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Money, money, money. These days, wedding budgets are rapidly approaching an average of $30,000. So how does one figure out who pays for what? According to an estimate in Emily Post's "Wedding Etiquette," 70% of brides and grooms are now footing the bill for their own weddings, sometimes with a little help from Mom and Dad.
The appropriate thing to do is to expect to make some compromises if you elicit the help of parents to help pay for the wedding. Once upon a time, it was the bride's family who covered the majority of the wedding costs. This tradition sprang from the idea that the bride's family needed to provide a dowry for the bride so she could marry an eligible groom. Clearly, the old tradition no longer applies in most cases.
If you still want some guidelines based on traditional expectations, the bride's family customarily pays for the flowers, photographer, videographer, music, and the bridal party transportation. The groom's family typically pays for the groomsmen's boutonnieres, honeymoon, and rehearsal dinner.
One thing that many brides have to deal with, but don't always plan for, is the inevitable bathroom trip in the wedding gown. You might just be able to picture this scenario:
You're getting ready to walk down the aisle in half an hour. Your gown looks stunning, your hair is perfect, and your make-up is fresh. But you have to pee. Do you hold it or attempt to peel off five pounds of silk taffeta and hand beaded embroidery? No! You'll just have to go to the bathroom in a slightly different fashion than usual. Simply approach the toilet and know that you're going to have to go facing it rather than sitting. You'll have to hold the front of your gown up and do a slight squat over the bowl. If your gown is especially difficult to handle, you'll need to enlist the help of a trusted, close friend or family member who can hold the back of your gown slightly above the bathroom floor to ensure its cleanliness.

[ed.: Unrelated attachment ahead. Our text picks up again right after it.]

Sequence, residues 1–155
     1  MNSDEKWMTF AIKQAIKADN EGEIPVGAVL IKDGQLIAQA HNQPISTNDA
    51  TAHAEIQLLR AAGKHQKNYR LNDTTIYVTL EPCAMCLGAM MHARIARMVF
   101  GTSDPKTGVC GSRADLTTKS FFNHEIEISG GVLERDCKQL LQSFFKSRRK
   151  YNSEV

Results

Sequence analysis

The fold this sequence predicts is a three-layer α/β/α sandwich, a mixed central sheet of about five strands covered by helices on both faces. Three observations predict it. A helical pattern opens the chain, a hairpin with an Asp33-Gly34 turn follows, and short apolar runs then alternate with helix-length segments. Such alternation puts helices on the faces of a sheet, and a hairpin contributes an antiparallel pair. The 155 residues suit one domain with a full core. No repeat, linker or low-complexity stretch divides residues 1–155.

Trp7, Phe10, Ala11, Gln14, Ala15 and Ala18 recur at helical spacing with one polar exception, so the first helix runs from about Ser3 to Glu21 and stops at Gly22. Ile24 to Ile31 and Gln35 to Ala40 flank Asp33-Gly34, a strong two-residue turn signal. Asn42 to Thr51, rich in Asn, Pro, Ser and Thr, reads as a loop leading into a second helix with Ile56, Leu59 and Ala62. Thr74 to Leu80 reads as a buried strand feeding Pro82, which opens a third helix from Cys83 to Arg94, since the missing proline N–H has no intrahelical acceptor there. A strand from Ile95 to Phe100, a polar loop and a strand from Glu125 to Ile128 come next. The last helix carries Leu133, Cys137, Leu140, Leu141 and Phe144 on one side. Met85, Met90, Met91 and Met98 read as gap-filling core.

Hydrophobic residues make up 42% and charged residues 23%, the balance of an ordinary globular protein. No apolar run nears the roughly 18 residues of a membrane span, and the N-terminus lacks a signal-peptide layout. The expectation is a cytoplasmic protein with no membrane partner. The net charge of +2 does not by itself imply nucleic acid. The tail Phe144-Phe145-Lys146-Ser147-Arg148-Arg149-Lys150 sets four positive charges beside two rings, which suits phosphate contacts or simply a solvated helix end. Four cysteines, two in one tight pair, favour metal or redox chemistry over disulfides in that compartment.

For some brides, getting dressed up in a chic silk organza gown with pearl beading is familiar territory. But for many women, figuring out what to wear under the gown is a mystery.
If you'll be changing into a few gowns —one with a low neckline and another with pencil-thin straps, you'll likely do fine with a wire-bra that converts into a number of styles from halter to strapless. For brides with a backless gown, look for a strapless corseted style that hooks down at the waist. Another option for the backless gown includes adhesive cups that adhere to your skin. A strapless gown can also be paired with a tube-style bandeau bra for a more comfortable all day fit.
For panties, opt for comfort over sexiness (you can always change later). Truth be told, it's much too difficult to adjust a pair of see-through lace panties that are starting to wedge. You might even opt for the hose with built-in underwear for comfort and convenience. Garters with thigh-high hose might seem appealing at first, but avoid the need to do some unsightly tugging during your reception by electing to go with the waist-high variety instead.
If you don't want to pay for the alcohol because the wedding is already running you a hefty tab, we understand. But it's not okay to make your guests pay for their own drinks. Luckily for you, there are ways to lower the cost of your alcohol tab without offending the well-wishers. Here are three ways to save:
Tipping is one consideration that you might not even think about until the actual wedding day. However, we'd like you to be more prepared so that you don't end up either unnecessarily feeling obligated or end up making someone else feel short-changed.
In many cases, you don't need to tip a vendor unless you feel he/she has gone above and beyond expectations in service. This includes everyone from your wedding planner to your florist. In a number of instances, the tip may actually be included as a surcharge on your bill, so it's a good idea to double-check. Often, services like the caterer and limousine rentals have an inclusive tip. For valet attendants, coat checkers, powder room attendants, and bartenders, however, a tip is appropriate.
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